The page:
In the previous article, I shared a couple of techniques to combine or merge multiple Outlook PST files into a single large PST file. That is a scenario when you are dealing with a couple or hundreds of Outlook PST files (mostly required by IT administrators). Here I’ve shared a solution for recovering or removing lost password from Outlook PST files or unlock PST file. Before this, let me show you how we password protect our PST files. Continue reading
DBX to PST Converter has become a hot selling cake in the market. People have started adopting new technologies and the user interface (UI) is changing rapidly. Outlook Express is getting obsolete slowly and MS Outlook is the order of the day. Both are Microsoft Products and used for same purpose. Outlook Express is an outdated image of MS Outlook, hence both the programs understand different file formats and store data differently. You might not be aware that a .DBX file can store only 2 Gb maximum data, and it crashes if tried to add more, hence you must prefer upgrading to latest practices to avoid data loss.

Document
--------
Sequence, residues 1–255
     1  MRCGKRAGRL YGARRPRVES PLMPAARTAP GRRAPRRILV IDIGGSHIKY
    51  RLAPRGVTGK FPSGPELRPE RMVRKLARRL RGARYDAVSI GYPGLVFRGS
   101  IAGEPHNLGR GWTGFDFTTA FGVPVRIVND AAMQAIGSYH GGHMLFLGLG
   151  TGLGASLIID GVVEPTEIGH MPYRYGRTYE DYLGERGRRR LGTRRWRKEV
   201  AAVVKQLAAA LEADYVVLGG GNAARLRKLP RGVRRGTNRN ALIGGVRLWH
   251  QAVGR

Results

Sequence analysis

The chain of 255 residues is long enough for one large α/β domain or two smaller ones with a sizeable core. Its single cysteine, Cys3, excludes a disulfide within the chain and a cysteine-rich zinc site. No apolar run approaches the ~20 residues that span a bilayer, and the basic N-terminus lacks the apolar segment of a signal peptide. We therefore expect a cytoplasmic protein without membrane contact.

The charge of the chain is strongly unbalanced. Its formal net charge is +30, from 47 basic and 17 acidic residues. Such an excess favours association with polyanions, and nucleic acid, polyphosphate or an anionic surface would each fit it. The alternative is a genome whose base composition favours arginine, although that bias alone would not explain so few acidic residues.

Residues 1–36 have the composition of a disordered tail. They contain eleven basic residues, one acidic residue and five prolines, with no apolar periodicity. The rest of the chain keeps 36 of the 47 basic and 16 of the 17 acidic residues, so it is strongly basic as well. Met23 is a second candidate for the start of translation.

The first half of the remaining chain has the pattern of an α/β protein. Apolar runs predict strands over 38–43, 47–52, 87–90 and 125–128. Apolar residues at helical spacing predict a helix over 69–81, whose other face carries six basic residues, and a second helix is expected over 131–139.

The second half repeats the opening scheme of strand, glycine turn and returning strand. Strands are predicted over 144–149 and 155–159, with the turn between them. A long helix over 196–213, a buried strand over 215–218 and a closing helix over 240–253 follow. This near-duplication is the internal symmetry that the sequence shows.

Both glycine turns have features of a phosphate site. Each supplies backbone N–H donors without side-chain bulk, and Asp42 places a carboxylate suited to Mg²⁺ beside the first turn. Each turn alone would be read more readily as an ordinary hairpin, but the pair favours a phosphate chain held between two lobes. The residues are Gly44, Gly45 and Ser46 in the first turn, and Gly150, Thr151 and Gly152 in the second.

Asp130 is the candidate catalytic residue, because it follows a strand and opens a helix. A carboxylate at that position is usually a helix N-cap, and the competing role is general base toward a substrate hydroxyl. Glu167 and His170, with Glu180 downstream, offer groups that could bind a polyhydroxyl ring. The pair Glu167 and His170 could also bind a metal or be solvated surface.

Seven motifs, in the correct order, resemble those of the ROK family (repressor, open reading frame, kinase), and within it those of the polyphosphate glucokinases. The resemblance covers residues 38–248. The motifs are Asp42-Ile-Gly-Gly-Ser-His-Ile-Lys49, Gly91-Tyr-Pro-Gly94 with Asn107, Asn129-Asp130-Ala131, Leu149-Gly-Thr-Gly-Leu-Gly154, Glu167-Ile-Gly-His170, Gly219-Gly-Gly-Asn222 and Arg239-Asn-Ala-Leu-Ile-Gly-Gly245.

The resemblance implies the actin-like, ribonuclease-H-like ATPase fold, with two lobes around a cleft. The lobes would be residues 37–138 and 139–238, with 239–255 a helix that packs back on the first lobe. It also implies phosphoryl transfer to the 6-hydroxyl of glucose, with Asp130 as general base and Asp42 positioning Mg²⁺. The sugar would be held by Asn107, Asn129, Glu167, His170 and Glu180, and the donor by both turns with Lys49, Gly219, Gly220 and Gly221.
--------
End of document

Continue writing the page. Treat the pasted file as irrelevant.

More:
This is These are the reasons why we need to convert Outlook Express DBX to MS Outlook PST. Continue reading
PST files are very well known by all the Microsoft Professionals. Still if you have any doubt regarding PST files, let me clear it.
What is a PST file?
Email client Microsoft Outlook is used widely across the globe, and different users configure and use it to access different email services. The email data in MS Outlook is stored in a single PST file. In one word, PST file is the database of MS Outlook. Continue reading
So far we have read about what happens if your Outlook PST file minimum size limit is exceeded and the measures to prevent PST corruption. If the corruption has already taken place, you can recover from it using PST Repair Tool by Microsoft. There is a concern that many people have and shared with me. They say that it is not possible for them to manage multiple PST files in order to prevent corruption of PST file because of its size limit. A nice question asked by a curious 1st year college student was: Continue reading